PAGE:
In fact, the mass popularity of stimulus checks is a reason I have been especially wary of the push for them. The push for checks was likely to succeed, and therefore crowd out more important spending. This actually happened; enhanced unemployment benefits were only extended for 11 weeks instead of the 16 weeks in the original bipartisan proposal.
But, as I said earlier, I can read a poll. I know that stimulus checks are popular and therefore inevitable. I also get why they are popular.
While unemployment spending is on average better targeted than stimulus checks (unemployment checks go to people facing acute financial distress, while stimulus checks go to almost everyone) there are individuals who either don't qualify for unemployment or who have trouble getting unemployment benefits from dysfunctional state unemployment systems. For some people in acute need, checks provide relief that targeted programs do not.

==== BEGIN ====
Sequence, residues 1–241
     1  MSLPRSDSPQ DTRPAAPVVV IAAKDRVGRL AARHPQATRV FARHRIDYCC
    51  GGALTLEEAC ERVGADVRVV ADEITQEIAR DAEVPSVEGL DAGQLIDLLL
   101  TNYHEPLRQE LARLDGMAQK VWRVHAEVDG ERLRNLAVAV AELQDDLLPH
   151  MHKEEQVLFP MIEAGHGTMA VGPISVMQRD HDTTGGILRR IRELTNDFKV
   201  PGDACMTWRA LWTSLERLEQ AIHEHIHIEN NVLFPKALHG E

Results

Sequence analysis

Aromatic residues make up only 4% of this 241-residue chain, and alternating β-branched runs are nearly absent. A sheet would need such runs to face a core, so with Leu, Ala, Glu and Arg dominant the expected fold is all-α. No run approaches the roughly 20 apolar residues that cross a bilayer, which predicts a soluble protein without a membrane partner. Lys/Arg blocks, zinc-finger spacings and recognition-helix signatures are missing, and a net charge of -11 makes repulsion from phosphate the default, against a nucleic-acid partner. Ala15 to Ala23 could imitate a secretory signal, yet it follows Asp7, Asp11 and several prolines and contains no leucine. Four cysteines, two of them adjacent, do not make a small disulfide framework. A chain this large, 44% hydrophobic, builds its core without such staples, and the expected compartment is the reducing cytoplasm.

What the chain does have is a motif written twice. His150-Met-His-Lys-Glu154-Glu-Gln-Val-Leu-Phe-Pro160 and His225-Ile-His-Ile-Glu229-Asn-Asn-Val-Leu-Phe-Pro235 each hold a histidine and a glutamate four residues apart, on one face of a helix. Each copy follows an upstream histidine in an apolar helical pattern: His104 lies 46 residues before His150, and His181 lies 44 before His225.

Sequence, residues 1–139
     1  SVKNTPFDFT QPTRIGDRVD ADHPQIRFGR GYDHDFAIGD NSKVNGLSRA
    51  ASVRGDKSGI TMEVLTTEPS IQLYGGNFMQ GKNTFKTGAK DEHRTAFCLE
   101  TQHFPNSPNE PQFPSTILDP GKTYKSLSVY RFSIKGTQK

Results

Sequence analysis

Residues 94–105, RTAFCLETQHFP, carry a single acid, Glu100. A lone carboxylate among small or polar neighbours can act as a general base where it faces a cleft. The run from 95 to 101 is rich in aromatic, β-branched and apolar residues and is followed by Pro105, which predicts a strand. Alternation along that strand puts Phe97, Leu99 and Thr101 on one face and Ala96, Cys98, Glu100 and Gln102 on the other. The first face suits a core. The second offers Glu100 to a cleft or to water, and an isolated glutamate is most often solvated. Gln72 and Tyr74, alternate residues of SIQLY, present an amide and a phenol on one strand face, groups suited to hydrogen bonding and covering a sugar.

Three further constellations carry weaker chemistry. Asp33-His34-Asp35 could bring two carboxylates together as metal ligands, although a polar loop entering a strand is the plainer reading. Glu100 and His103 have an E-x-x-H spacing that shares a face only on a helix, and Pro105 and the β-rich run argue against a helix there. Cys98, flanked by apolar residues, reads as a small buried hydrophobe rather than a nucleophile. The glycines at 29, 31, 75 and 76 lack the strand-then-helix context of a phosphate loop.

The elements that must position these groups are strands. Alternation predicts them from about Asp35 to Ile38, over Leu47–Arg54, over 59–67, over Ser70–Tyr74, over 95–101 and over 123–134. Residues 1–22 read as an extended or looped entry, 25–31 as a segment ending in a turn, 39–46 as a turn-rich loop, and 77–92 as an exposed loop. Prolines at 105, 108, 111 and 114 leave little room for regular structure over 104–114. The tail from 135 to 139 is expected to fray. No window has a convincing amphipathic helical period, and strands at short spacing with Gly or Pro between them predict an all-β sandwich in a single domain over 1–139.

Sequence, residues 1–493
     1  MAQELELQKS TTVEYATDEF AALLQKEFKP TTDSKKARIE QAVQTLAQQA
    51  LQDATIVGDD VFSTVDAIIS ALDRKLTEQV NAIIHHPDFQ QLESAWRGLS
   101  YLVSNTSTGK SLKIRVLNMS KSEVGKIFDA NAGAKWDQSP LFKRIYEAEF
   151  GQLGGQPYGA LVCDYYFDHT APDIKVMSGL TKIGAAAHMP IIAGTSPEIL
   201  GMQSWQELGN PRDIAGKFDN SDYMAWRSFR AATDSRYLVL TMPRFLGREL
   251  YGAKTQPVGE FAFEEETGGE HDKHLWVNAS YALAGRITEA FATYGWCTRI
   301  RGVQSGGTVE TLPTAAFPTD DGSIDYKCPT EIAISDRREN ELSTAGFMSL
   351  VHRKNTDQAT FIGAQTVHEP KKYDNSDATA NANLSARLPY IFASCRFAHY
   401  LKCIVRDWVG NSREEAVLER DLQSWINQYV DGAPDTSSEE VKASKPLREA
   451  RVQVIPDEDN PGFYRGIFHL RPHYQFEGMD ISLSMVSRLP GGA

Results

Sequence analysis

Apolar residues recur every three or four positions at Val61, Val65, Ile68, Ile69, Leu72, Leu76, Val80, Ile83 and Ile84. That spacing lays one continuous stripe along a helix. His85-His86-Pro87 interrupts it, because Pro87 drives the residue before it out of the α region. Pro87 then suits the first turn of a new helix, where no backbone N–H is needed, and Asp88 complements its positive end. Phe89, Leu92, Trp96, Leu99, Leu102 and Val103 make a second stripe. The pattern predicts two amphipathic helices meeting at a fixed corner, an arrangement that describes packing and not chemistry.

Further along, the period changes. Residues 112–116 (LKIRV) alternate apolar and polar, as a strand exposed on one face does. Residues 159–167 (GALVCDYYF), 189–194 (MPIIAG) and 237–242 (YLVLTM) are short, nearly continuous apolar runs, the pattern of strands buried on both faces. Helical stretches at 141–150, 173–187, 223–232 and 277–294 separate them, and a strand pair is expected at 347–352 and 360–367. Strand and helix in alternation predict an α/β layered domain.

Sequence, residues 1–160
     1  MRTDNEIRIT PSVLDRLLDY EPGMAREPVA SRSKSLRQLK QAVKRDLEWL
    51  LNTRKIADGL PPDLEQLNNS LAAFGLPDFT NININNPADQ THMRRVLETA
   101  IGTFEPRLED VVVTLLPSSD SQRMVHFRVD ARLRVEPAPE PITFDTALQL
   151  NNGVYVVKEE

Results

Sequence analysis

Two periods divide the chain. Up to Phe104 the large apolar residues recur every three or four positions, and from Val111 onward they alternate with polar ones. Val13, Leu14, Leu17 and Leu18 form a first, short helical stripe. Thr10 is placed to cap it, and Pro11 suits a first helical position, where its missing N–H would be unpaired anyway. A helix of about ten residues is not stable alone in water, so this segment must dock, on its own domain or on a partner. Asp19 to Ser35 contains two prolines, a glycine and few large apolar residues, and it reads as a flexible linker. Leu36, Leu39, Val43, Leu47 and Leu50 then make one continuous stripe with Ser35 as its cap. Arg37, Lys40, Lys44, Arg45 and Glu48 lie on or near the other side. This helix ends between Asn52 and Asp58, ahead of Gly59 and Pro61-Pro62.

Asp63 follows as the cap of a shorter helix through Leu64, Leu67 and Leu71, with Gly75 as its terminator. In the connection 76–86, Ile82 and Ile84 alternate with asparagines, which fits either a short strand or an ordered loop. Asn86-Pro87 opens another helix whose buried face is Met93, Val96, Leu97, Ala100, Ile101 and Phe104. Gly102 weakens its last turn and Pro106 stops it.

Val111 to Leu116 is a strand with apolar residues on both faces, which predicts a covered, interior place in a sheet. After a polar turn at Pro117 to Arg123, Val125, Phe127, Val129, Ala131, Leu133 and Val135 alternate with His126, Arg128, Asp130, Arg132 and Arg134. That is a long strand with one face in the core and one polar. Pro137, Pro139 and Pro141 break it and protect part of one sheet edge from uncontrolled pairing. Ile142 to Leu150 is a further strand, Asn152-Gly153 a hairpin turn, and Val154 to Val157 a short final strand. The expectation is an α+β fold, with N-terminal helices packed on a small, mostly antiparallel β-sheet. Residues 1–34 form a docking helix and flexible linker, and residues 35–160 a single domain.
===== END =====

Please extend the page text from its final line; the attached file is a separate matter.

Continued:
I do agree with Matt Yglesias that the emphasis on the shortcomings of the targeted aid has undersold the enormous good that these programs have done to keep people out of poverty. The CARES Act, Congress' $2.2 trillion March relief bill, was a huge success and should be talked about as such. Still, missing out on needed aid is a real and existing problem.
But even beyond the issue of people doing poorly who fall through the cracks, what does it mean to be "doing well" this year?
(Almost) all Americans are having a miserable 2020